David is an accomplished and awarded music professional with diverse experience as an electronic dance music artist, producer, composer, performer, DJ, promoter, academic and educator since the early 1990s. His work as an energetic and colourful live electronic act Honeysmack has earned him rare respect on the Australian live rock and dance music circuits. He exhibits a deep understanding of pop, funk, disco, punk, rock and contemporary electronic music styles. He is a multidisciplinary artist with expertise and experiences across music, sound and media arts practices.
David's music career has been long and successful most notably as the artist Honeysmack. Highlights include:
• Co-writing credits with Grammy and Academy awarded songwriter Burt Bacharach.
• Artist appearing on significant international labels including Zomba, Jive Electro, SonyBMG, Ars Publica and Mushroom.
• ARIA final nominee in 1999, for Best Dance Music Release, Walk On Acid, Honeysmack.
• Creating & directing independent record labels; Smelly Records, Idiot House and Hand Made Acid.
• Performing live electronica at popular music festivals nationally and abroad.
• Projects range from electronic dance music, experimental rock, western art music, sound design and film music.
• 200+ music works registered with APRA.
• Work exhibited at San Francisco Museum of Modern Art, USA.
David’s academic experiences include lecturing in Interactive Composition at the Melbourne Conservatorium of Music, The University of Melbourne. His teaching expertise covers electronic composition, music production, broader creative media practices, technology, communications and music business strategies. David's research profile includes his current PhD research in real-time electronic music composition at the Sir Zelman Cowen School of Music, Monash University.
David has navigated the music industry in various roles from communications, media, print publishing, music journalism, radio, information technologies, music direction and creative consulting, including:
• Onelove Music Group - music label and events inc Stereosonic.
• Editor at Beat Magazine -100% Magazine, Furst Media, co-produced and co-hosted Beat TV clip show.
• Radio producer and presenter at Kiss90FM, Melbourne
• Music Technology demonstrator for global brands including; Roland, Elektron, Moog, Korg, Yamaha, Akai, Buchla and more.
Honeysmack performing live at Mysteryland 2020
Honeysmack performing live at Melbourne Music Week 2017, St. Paul's Catherdral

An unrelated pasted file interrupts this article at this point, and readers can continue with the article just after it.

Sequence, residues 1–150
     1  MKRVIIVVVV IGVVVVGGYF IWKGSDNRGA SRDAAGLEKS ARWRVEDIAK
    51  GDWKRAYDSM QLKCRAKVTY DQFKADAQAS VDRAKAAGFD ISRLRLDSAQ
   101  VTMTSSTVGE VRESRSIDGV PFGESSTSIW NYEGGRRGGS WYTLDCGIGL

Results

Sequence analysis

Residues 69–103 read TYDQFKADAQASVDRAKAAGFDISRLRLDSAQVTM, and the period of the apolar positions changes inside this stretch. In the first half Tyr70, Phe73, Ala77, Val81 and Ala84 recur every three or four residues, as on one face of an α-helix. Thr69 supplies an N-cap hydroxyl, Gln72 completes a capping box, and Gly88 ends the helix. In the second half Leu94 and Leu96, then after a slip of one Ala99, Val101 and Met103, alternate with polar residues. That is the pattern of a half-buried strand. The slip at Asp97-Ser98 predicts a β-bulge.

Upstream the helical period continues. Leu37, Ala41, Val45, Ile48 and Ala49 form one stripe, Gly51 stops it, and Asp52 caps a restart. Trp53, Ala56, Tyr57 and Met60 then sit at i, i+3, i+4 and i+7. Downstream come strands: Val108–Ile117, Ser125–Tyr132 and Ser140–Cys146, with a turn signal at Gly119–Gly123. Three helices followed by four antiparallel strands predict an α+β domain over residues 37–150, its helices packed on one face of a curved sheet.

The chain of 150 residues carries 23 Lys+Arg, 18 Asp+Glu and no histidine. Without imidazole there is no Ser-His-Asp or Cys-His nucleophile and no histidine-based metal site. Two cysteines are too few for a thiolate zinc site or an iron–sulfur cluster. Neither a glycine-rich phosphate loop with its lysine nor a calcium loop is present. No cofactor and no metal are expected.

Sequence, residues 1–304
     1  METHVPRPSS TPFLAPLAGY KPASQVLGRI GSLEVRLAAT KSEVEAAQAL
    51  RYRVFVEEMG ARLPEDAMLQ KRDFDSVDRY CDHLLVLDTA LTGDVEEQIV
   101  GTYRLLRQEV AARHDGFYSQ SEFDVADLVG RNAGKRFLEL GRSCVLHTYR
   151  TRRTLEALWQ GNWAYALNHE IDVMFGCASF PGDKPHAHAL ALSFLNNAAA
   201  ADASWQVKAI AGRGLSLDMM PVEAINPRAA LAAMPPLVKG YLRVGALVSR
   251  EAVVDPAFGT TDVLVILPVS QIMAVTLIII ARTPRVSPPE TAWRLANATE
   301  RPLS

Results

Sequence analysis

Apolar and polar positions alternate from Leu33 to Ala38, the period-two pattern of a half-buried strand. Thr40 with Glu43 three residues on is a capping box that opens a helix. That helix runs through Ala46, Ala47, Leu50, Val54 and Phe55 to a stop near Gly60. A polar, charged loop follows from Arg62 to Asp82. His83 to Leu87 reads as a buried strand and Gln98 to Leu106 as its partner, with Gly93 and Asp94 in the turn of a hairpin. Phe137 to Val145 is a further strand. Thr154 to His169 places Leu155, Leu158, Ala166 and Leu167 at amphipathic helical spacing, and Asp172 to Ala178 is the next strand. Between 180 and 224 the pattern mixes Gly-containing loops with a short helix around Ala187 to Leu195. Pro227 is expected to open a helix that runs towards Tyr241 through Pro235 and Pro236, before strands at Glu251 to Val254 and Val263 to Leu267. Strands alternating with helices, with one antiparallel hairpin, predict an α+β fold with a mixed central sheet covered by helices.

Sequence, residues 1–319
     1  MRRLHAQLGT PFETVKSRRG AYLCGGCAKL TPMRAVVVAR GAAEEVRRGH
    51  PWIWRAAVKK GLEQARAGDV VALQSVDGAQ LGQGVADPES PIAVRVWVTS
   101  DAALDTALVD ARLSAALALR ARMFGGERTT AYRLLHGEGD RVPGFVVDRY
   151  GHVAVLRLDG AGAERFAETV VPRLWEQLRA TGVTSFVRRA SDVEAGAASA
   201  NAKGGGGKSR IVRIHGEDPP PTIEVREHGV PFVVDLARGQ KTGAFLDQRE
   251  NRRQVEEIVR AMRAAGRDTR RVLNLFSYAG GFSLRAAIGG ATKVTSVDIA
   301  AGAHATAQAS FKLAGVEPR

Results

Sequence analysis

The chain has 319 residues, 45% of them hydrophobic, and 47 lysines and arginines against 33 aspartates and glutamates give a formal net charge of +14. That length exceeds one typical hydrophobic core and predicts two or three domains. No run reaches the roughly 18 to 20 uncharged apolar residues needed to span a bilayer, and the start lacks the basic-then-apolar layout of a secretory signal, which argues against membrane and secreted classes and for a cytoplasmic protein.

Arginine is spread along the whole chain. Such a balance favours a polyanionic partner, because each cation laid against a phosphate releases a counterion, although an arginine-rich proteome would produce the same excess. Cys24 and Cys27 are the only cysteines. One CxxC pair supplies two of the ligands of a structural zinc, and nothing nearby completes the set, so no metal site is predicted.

Credit: Ben Willis
A world-recognised authority in the art of acid house, Honeysmack’s knack for hardware and give-no-fucks attitude saw him become a bona fide hero of Melbourne’s electronic scene - a status that lingers even to this day. ‘Walk On Acid’ saw Honeysmack sample Burt Bacharach’s classic ‘Walk On By’ and obliterate it with a thumping kick and slippery 303 bassline, and was so adored by the scene that it was nominated for an ARIA in 1999. If you’re a keen electronic fan, be sure to check out his live hardware sets on YouTube: this man’s an absolute master of his machines.
The 10 Best Aussie Rave Deep Cuts of the 90s, May 2020, by Will Brewster, Mixdown
Throwing convention to the wind, David Haberfeld’s (aka Honeysmack) pure-hardware performances of improvised techno were particularly spectacular! Within minutes, he dispelled the myth that live performances with modular synths are unstructured soundscape journeys.
Review of Melbourne Synth Festival 2018 by Jason Hearn, AudioTechnology Magazine
Maverick acid-house and techno producer David Haberfeld, aka Honeysmack, is one of the constellation of talents who gave Melbourne the name Techno City in the ‘90s. His dedication to the art of analogue wizardry is legendary, especially as he was one producer who believed the essence of dance music was in live performance, not DJing; and he was known for bringing a punk-rock spirit to electronic music. His 1999 classic Walk on Acid is instantly recognisable for its sample of Dionne Warwick and Burt Bacharach’s Walk on By, but it’s a cut far above the usual rave mashup, with its techno-soul keys, its sick drumkick and, of course, its electrifying 303 action.
100 Greatest Australian Dance Tracks of All Time, 2015 by Jim Poe, InTheMix